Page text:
Date of Award

12-1-2003

Document Type

Thesis

Degree Name

Master of Arts (MA)

Department

Communication

First Advisor

Dr. Michael Sherer

Abstract

This study examines the visual agenda relevant to the attacks of September 11, 2001, presented by media sources; Time and Newsweek magazine. Photographs immediately following the attack, six months later, one year later, and eighteen-months later, were observed in this study. The research produced a total of 493 photographs. Images were coded for the primary subject, portrayal, perspective, topic, and location. Crosstabs and Chi-square tests were run, and the data collected was used to answer the central research question and sub-questions developed with the assistance of past research. Significant differences in the visual agenda between Time and Newsweek magazine were found for subject, perspective and topic. Similarities were found in the presentation of the location and portrayal of the primary subject. Significant differences were found for all dependent variables from the results of the tests which examined the data over time. The research unfolded a story told from news photographs, capturing a horrifying event that the American people will not forget.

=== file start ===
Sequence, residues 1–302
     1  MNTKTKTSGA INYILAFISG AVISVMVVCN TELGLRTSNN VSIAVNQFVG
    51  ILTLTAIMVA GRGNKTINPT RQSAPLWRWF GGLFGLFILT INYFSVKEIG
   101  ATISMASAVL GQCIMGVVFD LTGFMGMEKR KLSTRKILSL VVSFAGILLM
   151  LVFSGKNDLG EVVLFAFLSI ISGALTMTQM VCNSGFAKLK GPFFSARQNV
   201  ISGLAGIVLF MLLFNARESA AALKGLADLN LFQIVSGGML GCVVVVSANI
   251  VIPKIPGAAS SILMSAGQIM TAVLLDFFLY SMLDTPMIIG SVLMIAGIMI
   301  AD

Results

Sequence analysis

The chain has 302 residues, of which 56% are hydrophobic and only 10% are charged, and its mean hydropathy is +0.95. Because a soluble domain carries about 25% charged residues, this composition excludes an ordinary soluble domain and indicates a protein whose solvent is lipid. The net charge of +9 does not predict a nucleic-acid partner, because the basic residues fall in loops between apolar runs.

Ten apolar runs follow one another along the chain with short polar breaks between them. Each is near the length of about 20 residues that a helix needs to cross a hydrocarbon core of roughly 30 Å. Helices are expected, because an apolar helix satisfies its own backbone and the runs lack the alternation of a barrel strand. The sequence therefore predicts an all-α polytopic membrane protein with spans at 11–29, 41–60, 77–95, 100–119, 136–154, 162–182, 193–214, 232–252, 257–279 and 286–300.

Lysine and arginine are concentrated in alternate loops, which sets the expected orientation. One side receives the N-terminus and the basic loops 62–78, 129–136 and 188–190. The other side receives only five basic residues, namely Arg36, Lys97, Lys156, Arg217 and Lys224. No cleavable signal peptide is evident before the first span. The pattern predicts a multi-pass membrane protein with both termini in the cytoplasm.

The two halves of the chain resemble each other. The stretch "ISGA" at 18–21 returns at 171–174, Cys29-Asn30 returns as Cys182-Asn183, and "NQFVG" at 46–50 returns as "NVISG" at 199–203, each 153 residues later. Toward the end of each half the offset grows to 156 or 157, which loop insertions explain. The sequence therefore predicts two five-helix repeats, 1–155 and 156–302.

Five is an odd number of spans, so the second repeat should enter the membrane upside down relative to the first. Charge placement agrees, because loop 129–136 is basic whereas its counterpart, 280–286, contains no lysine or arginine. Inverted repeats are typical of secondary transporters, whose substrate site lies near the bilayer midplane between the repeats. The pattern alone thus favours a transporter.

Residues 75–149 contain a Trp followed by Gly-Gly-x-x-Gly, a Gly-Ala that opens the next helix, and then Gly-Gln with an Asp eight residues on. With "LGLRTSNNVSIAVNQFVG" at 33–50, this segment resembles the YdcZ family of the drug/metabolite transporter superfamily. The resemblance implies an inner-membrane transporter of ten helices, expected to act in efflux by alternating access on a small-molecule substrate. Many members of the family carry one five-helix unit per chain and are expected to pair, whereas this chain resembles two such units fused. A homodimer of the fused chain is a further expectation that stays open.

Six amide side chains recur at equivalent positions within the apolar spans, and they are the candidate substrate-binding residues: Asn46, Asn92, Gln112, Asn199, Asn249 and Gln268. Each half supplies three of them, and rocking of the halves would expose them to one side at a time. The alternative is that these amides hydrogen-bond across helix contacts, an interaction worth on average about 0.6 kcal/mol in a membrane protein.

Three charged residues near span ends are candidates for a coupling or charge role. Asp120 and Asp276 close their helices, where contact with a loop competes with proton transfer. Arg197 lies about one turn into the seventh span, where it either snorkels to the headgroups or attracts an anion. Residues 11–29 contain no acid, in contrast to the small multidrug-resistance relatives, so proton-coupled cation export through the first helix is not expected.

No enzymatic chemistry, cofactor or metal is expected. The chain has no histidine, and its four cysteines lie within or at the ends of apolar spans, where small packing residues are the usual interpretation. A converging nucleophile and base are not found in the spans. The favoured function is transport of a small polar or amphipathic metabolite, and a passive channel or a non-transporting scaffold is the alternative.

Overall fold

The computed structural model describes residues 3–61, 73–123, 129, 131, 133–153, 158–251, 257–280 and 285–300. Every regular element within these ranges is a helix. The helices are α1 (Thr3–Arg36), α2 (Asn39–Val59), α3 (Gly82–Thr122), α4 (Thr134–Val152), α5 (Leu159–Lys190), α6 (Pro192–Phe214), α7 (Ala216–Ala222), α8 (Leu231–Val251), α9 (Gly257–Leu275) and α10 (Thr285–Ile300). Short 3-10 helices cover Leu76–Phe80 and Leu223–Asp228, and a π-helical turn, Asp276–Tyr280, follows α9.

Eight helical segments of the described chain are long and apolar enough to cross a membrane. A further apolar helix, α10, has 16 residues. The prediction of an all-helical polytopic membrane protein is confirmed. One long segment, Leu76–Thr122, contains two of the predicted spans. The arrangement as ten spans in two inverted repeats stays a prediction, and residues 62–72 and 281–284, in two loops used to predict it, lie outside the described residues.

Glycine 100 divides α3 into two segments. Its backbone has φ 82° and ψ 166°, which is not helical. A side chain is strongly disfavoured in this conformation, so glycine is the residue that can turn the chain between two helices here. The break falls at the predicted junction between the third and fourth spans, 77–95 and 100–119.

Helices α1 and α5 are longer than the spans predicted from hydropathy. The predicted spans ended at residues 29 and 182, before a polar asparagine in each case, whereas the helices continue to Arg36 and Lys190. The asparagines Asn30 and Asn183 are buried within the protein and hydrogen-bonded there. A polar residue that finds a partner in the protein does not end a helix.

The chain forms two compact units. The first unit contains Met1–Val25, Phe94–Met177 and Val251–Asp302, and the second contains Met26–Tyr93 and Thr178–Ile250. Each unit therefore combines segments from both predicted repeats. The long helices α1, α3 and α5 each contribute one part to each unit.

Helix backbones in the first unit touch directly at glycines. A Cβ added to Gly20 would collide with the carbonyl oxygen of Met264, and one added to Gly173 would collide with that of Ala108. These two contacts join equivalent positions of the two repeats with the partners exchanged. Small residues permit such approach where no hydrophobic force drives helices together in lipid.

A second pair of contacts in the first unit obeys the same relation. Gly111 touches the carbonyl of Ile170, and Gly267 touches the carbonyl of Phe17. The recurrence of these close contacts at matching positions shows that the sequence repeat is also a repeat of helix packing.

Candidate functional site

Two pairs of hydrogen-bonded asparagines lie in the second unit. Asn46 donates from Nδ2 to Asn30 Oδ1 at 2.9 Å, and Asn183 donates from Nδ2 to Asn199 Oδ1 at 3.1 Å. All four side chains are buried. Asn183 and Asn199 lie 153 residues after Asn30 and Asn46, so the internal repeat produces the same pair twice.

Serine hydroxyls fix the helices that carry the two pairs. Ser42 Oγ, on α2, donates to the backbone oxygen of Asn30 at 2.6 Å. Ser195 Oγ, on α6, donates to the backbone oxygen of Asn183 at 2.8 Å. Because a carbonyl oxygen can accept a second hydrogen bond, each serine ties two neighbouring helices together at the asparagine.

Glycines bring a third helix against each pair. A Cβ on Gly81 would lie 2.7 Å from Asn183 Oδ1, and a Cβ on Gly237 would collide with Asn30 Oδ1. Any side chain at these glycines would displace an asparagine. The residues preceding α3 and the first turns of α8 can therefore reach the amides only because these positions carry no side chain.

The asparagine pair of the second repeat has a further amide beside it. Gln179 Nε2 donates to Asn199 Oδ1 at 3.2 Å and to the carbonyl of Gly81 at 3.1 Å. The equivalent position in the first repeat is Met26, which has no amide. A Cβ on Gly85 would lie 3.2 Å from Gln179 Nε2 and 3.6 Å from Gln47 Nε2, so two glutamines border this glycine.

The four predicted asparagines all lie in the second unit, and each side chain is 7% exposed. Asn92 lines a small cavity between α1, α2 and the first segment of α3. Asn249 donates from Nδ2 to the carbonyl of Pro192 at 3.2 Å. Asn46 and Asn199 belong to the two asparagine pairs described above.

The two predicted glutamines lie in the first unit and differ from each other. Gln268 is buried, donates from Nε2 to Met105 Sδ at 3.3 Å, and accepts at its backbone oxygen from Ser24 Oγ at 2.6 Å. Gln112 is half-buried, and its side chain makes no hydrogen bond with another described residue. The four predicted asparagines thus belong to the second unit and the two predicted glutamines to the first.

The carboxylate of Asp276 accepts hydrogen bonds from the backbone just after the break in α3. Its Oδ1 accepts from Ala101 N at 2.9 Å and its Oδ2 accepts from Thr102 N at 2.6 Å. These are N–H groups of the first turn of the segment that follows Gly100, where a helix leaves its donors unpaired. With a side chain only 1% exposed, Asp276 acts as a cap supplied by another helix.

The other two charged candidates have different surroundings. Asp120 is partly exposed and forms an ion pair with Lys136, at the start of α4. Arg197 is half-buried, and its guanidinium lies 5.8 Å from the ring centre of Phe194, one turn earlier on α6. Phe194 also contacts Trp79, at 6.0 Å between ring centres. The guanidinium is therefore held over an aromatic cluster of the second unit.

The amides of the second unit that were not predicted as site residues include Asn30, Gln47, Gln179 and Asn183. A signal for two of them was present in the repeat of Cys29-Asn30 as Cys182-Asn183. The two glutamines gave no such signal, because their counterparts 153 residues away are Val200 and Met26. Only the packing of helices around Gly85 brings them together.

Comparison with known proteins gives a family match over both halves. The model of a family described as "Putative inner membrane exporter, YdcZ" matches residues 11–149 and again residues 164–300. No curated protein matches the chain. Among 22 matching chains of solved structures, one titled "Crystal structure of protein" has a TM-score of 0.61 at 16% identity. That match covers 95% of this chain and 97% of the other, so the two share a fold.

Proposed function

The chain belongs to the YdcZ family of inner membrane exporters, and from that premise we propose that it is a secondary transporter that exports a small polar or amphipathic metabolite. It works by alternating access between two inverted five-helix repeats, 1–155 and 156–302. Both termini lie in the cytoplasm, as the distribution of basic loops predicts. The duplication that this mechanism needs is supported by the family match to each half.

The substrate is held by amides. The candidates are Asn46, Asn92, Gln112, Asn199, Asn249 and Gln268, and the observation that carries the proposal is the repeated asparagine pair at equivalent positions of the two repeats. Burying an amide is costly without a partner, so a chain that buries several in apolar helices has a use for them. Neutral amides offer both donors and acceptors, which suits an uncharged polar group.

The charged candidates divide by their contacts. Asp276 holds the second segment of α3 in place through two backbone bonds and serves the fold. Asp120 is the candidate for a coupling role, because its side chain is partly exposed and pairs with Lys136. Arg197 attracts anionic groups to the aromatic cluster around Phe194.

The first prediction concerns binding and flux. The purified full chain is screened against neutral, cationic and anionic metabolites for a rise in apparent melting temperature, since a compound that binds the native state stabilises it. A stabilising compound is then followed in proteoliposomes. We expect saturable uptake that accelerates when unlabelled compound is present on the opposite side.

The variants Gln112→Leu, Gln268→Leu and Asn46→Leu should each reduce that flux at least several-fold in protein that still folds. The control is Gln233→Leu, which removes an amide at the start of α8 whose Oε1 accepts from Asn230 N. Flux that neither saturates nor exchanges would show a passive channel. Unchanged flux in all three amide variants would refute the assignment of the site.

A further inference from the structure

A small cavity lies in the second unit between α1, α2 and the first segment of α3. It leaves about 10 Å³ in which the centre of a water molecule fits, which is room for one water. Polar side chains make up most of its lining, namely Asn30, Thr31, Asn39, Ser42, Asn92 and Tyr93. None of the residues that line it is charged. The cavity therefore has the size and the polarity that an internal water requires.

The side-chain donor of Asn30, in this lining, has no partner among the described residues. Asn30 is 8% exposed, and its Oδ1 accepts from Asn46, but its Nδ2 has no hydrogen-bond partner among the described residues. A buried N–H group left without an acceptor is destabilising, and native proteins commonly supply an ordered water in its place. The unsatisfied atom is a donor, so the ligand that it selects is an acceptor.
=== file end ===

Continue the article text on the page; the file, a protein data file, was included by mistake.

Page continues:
Comments

A Thesis Presented to the Department of Communication and the Faculty of the Graduate College University of Nebraska In Partial Fulfillment of the Requirements for the Degree Master of Arts University of Nebraska at Omaha. Copyright Paula Hoffman Hall December, 2003

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